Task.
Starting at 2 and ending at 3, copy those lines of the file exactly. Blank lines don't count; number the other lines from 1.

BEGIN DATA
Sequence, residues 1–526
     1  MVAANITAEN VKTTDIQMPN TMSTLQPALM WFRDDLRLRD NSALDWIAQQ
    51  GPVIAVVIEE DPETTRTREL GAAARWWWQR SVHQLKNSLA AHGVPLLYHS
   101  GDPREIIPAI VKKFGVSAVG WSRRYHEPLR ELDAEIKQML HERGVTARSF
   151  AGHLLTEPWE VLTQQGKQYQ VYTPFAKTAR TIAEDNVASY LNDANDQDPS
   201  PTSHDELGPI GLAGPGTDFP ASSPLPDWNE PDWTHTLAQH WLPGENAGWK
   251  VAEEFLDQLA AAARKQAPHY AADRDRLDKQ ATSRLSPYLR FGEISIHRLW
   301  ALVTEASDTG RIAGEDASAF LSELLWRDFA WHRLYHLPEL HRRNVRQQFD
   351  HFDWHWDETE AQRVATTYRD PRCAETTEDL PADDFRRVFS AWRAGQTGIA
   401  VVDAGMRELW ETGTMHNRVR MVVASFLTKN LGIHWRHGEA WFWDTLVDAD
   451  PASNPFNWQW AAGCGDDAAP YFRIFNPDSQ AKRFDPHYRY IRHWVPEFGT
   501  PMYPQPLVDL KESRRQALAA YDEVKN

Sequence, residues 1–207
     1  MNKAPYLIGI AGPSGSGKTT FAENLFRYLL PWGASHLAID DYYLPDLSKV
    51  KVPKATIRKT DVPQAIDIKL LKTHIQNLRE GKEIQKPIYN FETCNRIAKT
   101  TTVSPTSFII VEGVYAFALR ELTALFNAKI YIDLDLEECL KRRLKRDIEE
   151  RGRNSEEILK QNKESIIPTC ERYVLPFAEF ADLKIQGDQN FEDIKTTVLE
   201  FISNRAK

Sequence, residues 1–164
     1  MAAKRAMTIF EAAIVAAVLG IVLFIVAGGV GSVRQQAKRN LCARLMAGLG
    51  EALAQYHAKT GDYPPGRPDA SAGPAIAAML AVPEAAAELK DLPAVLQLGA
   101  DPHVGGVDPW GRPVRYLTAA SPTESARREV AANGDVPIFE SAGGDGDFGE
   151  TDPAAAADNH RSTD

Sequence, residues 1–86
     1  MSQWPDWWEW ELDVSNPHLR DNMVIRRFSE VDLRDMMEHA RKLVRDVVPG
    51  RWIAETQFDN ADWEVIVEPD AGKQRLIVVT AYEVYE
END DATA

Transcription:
     1  MVAANITAEN VKTTDIQMPN TMSTLQPALM WFRDDLRLRD NSALDWIAQQ
    51  GPVIAVVIEE DPETTRTREL GAAARWWWQR SVHQLKNSLA AHGVPLLYHS